What is the discernable difference between these two equally successful women? One is present for a priceless show of lights on the waters even as the other feels the pangs of a time yet to even exist. One can hear the false ring in the sound of a voice that promises the world to her and the other hears only her own thoughts pressing her to accept a dream come true, even if it seems "too good."
The answer to this question -- of what sets one sister apart from the other, and how they can have such divergent experiences of life under a set of shared circumstances -- leads us to the proof of the existence of the Higher Self we all seek. And more, this same answer reveals all we will need to know about how to make contact with this ever-new and limitless nature within ourselves. Here it is:
In life, our experience of ourself is tied directly to what we are awake to in each passing moment. In other words, we share our consciousness with what we attend to within our mind. This timeless truth explains why being aware of ourselves, being mindful in the present moment, counts for everything when it comes to the content of our consciousness.
Who among us has not stood somewhere beneath a starlit night sky, gazed upward, and not felt a certain state of timelessness, as though it were the heart of our very own essence? And conversely, who hasn't been crushed by a petty grievance with a friend or loved one and felt the pummeling of our own thoughts, even as we're unable to stop this troubled thinking?
Are you beginning to make the connection that we ourselves are secretly connected to whatever we hold in our heart and mind? That we can (and do) share in the nature of whatever we attend to? And that this power, to be at one with what we inwardly behold, grants us the power to choose what level of life we want to share in and which levels we do not?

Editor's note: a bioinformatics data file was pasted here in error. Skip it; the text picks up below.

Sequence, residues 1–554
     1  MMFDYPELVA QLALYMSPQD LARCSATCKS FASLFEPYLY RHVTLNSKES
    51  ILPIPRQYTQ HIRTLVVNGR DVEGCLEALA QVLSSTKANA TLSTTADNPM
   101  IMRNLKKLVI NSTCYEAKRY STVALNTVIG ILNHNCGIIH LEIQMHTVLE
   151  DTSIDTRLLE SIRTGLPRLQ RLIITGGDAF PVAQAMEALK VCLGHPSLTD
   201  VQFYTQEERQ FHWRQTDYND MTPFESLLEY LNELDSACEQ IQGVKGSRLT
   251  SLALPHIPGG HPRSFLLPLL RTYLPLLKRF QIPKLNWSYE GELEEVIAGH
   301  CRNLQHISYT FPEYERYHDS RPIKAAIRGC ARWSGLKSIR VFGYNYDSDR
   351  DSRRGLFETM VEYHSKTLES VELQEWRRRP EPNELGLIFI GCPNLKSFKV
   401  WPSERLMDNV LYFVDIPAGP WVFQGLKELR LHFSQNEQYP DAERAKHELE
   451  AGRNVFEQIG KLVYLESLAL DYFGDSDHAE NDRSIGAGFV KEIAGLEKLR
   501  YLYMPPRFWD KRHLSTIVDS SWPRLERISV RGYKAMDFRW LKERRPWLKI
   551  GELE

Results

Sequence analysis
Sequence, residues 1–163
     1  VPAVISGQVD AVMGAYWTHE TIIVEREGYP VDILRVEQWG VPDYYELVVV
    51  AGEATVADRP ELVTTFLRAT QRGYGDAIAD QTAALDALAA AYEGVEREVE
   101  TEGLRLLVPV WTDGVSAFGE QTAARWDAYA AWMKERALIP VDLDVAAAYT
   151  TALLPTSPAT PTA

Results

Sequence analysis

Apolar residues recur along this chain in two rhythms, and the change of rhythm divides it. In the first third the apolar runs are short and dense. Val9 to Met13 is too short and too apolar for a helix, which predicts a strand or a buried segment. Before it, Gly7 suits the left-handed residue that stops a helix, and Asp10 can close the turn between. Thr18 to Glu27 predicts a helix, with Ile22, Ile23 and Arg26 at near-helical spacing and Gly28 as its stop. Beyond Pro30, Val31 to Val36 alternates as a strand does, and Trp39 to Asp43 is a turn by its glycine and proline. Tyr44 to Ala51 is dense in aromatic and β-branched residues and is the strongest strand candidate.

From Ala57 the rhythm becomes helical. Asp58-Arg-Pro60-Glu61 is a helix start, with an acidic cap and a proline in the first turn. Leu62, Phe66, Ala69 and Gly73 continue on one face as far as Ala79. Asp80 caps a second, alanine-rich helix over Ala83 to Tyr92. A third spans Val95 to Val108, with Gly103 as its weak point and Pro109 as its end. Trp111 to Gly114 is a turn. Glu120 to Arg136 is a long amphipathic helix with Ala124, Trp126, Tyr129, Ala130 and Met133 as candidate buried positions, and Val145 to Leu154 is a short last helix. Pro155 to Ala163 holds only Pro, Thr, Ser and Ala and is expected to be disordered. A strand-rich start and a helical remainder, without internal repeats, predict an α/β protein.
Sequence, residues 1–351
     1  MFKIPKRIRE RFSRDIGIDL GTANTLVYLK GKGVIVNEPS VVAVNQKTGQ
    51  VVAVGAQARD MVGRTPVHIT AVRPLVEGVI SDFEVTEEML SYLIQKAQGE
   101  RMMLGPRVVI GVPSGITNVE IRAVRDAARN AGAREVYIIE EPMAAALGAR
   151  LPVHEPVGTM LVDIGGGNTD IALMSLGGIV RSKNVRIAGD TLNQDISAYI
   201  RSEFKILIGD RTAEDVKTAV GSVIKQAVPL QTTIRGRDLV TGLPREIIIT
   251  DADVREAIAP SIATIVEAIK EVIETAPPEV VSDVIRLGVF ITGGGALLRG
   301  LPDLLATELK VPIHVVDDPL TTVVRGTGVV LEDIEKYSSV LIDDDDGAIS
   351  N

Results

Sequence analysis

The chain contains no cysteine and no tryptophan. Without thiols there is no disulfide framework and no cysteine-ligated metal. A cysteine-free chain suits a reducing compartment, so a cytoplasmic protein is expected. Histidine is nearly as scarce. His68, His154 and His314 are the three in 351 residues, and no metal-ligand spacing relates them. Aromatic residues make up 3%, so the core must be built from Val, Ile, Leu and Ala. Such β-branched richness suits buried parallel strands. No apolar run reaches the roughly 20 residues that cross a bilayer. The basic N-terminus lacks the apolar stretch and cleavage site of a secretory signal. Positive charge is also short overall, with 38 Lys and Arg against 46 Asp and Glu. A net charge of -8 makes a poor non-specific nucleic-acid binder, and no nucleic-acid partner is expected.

Now to these findings add the fact that everything our True Heart longs for already exists. And more, that this contentment and freedom exists now -- already present in the moment. If we can see the truth of this we can also see the possibility of a whole new way of meeting life. Before us is a new way of living wherein what we are able to receive from each passing moment depends not upon what we want to extract from it, but resides in how fully awake and aware we can be within its unfolding. Which brings us to yet another important truth: It is the awakened life alone that answers our question of how to have a complete, truly free life.
Being awake and aware of ourselves, as fully self-present as possible, brings us closer and closer to the self-wholeness we search for everywhere – everywhere, that is, but in the one place it is ultimately found, within us, within the moment. But, unlike other self-enriching practices such as sharpening our skills in the arts or sciences, being present-minded is not something we learn in conventional ways. To be awakened to itself, the mind must first know itself. What, then, can teach this way?
We begin to reach and stand upon the ground of the present moment by gradually awakening to the effects of being in time -- of living from thoughts that only distance us from the very contentment they promise. By this I mean we need to awaken increasingly to the painful effects that arise out of knowing ourselves through those "parts" of ourselves that only examine life without daring to enter it. And as this new self-awareness grows within us, so too it begins to dawn upon us that where we need to live is where Life awaits us… in the fully present moment.
Excerpted from Seeker's Guide to Self-Freedom, Pages 31-36